Pulse of Delaware shows rising poverty concerns


DOVER — Hopefully, you started your morning reading Page 1 today.

Glenn Rolfe’s article kicks off some research into poverty in Delaware we have undertaken.

Reporter Noah Zucker will have a story about food insecurity in Monday’s edition.

Several such issues, contributing to a sense of instability, have only grown during the pandemic.

Here are four relevant statistics for Delawareans with children in their households:

  • 16% said they sometimes or often do not have enough food to eat.
  • 18% said they have no confidence in paying rent or mortgage on time.
  • 6% said they currently do not have health insurance.
  • 16% said they felt down, depressed or hopeless.

Those U.S. Census Household Pulse Survey findings were revealed last month in “Kids, Families and COVID-19 — Pandemic Pain Points and the Urgent Need to Respond.”

The surveys have been ongoing weekly since April.

Some problems existed prior to March last year, said Janice Barlow, director of Kids Count in Delaware.

“But it has put a spotlight on the places in the safety net that we never really fixed,” said Mrs. Barlow.

The safety net, she said, is “patchwork” — pieces of legislation and initiatives that cover some concerns for some people.

“We’ve had people slipping through that for a long time,” said Mrs. Barlow. “The pandemic is bringing awareness that we have more work to do.”

An example: Nationally, the share of children without health insurance grew to 6% in 2019, up from 5% in 2018. Updated numbers for 2020 are not available yet.

However, the survey suggested that 12% fall into this category now. The breakdown, by race: 23% of Latinos, 14% of African Americans, 8% of Whites.


Kids Count in Delaware shares this information with the governor’s office, the state legislature and Delaware’s congressional delegation.

The “Pandemic Pain Points” report was a national effort of the Annie E. Casey Foundation, a partner to Kids Count.

The report recommends that governments put racial and ethnic equity responses first, prioritize the physical and mental health of children, expand unemployment insurance for part-time and low-wage earners, improve access to needy family assistance and child care grants, ensure better and more equitable funding for schools and more.

“The first order of business in 2021 will be to determine how best to navigate the second year of the pandemic,” the report said. “These are painful times, but this nation has the resources to meet the needs of those most affected by the health and economic crisis.”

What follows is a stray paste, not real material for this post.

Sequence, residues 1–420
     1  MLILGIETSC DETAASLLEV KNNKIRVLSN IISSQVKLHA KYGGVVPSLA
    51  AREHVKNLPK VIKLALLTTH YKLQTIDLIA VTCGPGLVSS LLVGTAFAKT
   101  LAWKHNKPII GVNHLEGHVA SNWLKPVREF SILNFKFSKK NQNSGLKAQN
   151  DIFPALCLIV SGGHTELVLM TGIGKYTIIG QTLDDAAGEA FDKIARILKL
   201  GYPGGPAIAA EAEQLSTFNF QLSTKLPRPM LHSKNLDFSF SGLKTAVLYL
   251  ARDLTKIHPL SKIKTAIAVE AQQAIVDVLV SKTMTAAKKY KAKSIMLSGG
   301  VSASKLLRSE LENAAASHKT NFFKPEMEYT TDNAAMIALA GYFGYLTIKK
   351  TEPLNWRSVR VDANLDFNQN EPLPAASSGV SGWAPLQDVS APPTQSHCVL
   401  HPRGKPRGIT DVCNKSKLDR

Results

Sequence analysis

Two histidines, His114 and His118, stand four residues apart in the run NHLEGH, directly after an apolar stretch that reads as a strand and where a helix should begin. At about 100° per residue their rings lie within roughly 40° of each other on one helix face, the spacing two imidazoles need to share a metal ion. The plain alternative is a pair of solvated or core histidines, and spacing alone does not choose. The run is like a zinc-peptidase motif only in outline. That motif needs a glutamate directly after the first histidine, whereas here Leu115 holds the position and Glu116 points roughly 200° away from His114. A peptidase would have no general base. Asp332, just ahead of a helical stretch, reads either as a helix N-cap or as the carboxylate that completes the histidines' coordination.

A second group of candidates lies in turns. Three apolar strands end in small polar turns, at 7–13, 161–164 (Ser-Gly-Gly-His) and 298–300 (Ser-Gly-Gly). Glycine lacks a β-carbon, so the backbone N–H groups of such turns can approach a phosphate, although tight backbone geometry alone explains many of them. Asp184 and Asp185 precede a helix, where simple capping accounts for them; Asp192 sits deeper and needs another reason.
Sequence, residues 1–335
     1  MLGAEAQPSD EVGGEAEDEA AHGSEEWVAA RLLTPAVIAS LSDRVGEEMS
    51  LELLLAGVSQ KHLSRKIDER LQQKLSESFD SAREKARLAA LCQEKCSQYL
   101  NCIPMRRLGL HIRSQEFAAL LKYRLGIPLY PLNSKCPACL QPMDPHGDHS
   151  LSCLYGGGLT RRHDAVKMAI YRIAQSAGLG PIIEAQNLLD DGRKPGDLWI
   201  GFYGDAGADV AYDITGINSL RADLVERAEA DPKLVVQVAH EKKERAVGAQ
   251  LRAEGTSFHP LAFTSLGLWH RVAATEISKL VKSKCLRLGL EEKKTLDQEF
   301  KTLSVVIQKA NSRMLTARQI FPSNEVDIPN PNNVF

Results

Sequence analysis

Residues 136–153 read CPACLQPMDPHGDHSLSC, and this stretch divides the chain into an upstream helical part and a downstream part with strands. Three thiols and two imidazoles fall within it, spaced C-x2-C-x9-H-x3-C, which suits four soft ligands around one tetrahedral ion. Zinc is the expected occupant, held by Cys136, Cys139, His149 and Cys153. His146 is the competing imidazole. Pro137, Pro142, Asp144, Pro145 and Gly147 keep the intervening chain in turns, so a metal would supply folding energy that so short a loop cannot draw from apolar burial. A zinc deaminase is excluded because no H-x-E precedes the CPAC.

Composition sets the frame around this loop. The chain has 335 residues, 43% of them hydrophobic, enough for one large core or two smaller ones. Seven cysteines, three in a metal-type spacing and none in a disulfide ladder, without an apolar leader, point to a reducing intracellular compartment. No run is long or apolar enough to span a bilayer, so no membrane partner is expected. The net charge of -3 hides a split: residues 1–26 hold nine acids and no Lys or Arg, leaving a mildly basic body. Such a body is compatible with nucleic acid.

Mrs. Barlow said she hopes there is a concentrated effort on children.

“I think there is just so much that can be done,” she said. “Across health, food security, mental health, housing, everything. I think Delaware needs to focus more on the inequities and making sure there’s equitable opportunities for all kids.”

Mrs. Barlow, during our brief conversation Friday, said she did not want to sound like she was dwelling only on the doom and gloom.

“With COVID, it’s sort of hard, you know — where is that silver lining? But we have found a few things,” she said.

For example, she said Medicaid enrollment is up after some regulatory changes.

“The jury is still out on whether the mental health of teenagers, in particular, is better or worse,” said Mrs. Barlow. “There is some speculation among researchers that there may be a silver lining to this. Kids are getting more sleep because they are not getting up as early. And they’re spending more time with families.”


Kids Count has been doing a series of “Timeline Tuesdays” sessions once a month since September, starting with a session on health insurance.

Last month, food insecurity was the topic, and officials from government food assistance programs, the Food Bank and schools participated.

As we have reported in the Delaware State News in the past year, there are a myriad of programs out there that help in this area. Schools, for example, have participated in some unique efforts, such as using buses to deliver meals.
Mrs. Barlow noted a friend’s remark.

“She said, ‘If it works for us in a pandemic, why doesn’t it work for us all the time?’”

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